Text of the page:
Deep Learning, explained to a five-year-old (okay, maybe fifteen-year-old): Data science been really good for a while now at data that can be explained in Excel spreadsheets, i.e. columns and rows: one row per observation, one column per variable. This is called structured data. Deep Learning allows us to create rows of column variables that describe a representation of unstructured data, like images or text. It's as if you had an automatic algorithm that could look through all your images, and create one column based on the likelihood the image contains a cat, another the likelihood it contains a shovel -- without having to tell the algorithm what a cat or shovel is, or what they look like, or determine that there are cats and shovels at all before running the algorithm.Deep Learning is rather math-intensive, and involves neural networks, a family of algorithms that's been around for a long time but has now come into its own. Unlike some skills, you can't learn it as a black box and then slowly come to understand it as you use it. There are foundations you need to acquire; tutorials you need to absorb.
I live in Montreal, which recently hosted its annual Deep Learning Summer School; I couldn`t attend, but I heard great things about the lecture by Université de Sherbrooke's Hugo Larochelle.
There's just one thing; I hate listening to videos. It's why I don't take Coursera classes now that I only have a short commute to work every day. I need to learn at my own pace. And I prefer to read.
So when I realized Larochelle's lecture was based on a series of 92 videos on his YouTube channel, I wrote a Python script to add a black bar beneath them, burn subtitles into it, and take screenshots of every subtitle slide and make a pdf out of it so I can read them. I like to read.
Here's an example screenshot:
I'm sharing the fruits of my labor with you here: Videos with subtitles, pdfs of subtitled screenshots, and Python code I used to make them.
Hugo Larochelle neural network lecture videos
& pdfs with subtitles
These are zip files of subtitled videos and pdfs of screenshots made from Hugo Larochelle's (University of Sherbrooke) YouTube playlist of 92 videos in 10 parts on neural networks.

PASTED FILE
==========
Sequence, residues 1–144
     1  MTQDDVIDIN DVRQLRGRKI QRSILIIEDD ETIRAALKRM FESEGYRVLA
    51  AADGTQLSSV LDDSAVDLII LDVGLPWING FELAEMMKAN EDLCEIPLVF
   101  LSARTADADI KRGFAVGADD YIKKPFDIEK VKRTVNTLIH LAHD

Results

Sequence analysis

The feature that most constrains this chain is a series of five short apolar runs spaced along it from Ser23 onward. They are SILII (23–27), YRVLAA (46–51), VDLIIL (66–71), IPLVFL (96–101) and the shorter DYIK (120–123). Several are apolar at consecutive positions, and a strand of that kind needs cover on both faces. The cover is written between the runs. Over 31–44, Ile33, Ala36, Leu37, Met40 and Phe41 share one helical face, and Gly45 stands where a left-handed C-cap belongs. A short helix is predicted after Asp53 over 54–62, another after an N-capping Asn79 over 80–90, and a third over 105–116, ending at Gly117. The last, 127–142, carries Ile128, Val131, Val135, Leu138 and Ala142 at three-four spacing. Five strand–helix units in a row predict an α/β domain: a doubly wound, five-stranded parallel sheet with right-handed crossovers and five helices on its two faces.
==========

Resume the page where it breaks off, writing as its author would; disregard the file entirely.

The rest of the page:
- Subtitled MP4s for Part 01, Feedforward neural networks [zip, 108.5 MB]
- Subtitled MP4s for Part 02, Training neural networks [zip, 238.6 MB]
- Subtitled MP4s for Part 03, Conditional random fields [zip, 250.2 MB]
- Subtitled MP4s for Part 04, Training CRFs [zip, 106.6 MB]
- Subtitled MP4s for Part 05, Restricted Boltzmann Machine [zip, 169.1 MB]
- Subtitled MP4s for Part 06, Autoencoder [zip, 136.8 MB]
- Subtitled MP4s for Part 07, Deep Learning [zip, 226.8 MB]
- Subtitled MP4s for Part 08, Sparse coding [zip, 152.8 MB]
- Subtitled MP4s for Part 09, Computer vision [zip, 191.4 MB]
- Subtitled MP4s for Part 10, Natural Language Processing [zip, 289.5 MB]
PDFs of screenshots:
- PDFs for Part 01, Feedforward neural networks [zip, 120.9 MB]
- PDFs for Part 02, Training neural networks [zip, 287.0 MB]
- PDFs for Part 03, Conditional random fields [zip, 284.2 MB]
- PDFs for Part 04, Training CRFs [zip, 132.7 MB]
- PDFs for Part 05, Restricted Boltzmann Machine [zip, 189.8 MB]
- PDFs for Part 06, Autoencoder [zip, 161.1 MB]
- PDFs for Part 07, Deep Learning [zip, 307.9 MB]
- PDFs for Part 08, Sparse coding [zip, 200.9 MB]
- PDFs for Part 09, Computer vision [zip, 239.8 MB]
- PDFs for Part 10, Natural Language Processing [zip, 371.6 MB]
- used requests and BeautifulSoup to parse the YouTube playlist;
- used youtube-dl to download the videos and WEBVTT subtitles;
- used pycaption to convert subtitles to SRT format;
- used ffmpeg (from a subprocess call) to add a black letterbox below each video, burn the subtitles into that box and then save png screenshots wherever there was a new subtitle line;
- used imagemagick to bundle pngs into pdfs;
- used zipfile to zip similar files together and deleted the originals.